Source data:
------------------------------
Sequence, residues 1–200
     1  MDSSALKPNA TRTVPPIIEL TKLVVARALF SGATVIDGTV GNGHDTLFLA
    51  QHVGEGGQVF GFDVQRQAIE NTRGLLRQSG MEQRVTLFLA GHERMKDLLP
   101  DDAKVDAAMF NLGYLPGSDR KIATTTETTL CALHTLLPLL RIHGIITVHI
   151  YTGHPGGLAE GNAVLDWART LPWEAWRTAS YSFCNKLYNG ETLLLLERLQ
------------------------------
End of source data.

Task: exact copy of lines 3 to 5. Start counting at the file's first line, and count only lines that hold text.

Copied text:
    51  QHVGEGGQVF GFDVQRQAIE NTRGLLRQSG MEQRVTLFLA GHERMKDLLP
   101  DDAKVDAAMF NLGYLPGSDR KIATTTETTL CALHTLLPLL RIHGIITVHI
   151  YTGHPGGLAE GNAVLDWART LPWEAWRTAS YSFCNKLYNG ETLLLLERLQ